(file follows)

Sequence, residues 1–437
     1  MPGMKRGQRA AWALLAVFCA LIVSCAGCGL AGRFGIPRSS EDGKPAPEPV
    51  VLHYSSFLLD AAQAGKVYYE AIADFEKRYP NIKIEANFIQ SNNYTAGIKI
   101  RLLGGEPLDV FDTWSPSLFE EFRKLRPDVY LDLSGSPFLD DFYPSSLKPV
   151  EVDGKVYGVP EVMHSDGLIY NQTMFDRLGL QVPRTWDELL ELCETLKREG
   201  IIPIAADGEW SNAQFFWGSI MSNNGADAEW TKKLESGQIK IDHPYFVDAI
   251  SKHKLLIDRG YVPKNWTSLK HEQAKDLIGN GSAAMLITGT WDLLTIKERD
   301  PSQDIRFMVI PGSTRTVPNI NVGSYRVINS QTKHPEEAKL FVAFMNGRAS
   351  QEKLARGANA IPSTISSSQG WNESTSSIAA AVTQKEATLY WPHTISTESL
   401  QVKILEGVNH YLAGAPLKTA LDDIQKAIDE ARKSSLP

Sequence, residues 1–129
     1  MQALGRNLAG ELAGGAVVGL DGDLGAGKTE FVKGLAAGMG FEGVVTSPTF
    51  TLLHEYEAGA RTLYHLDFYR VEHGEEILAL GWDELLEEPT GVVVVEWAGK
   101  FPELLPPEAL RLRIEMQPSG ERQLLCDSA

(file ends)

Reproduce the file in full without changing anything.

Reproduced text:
Sequence, residues 1–437
     1  MPGMKRGQRA AWALLAVFCA LIVSCAGCGL AGRFGIPRSS EDGKPAPEPV
    51  VLHYSSFLLD AAQAGKVYYE AIADFEKRYP NIKIEANFIQ SNNYTAGIKI
   101  RLLGGEPLDV FDTWSPSLFE EFRKLRPDVY LDLSGSPFLD DFYPSSLKPV
   151  EVDGKVYGVP EVMHSDGLIY NQTMFDRLGL QVPRTWDELL ELCETLKREG
   201  IIPIAADGEW SNAQFFWGSI MSNNGADAEW TKKLESGQIK IDHPYFVDAI
   251  SKHKLLIDRG YVPKNWTSLK HEQAKDLIGN GSAAMLITGT WDLLTIKERD
   301  PSQDIRFMVI PGSTRTVPNI NVGSYRVINS QTKHPEEAKL FVAFMNGRAS
   351  QEKLARGANA IPSTISSSQG WNESTSSIAA AVTQKEATLY WPHTISTESL
   401  QVKILEGVNH YLAGAPLKTA LDDIQKAIDE ARKSSLP

Sequence, residues 1–129
     1  MQALGRNLAG ELAGGAVVGL DGDLGAGKTE FVKGLAAGMG FEGVVTSPTF
    51  TLLHEYEAGA RTLYHLDFYR VEHGEEILAL GWDELLEEPT GVVVVEWAGK
   101  FPELLPPEAL RLRIEMQPSG ERQLLCDSA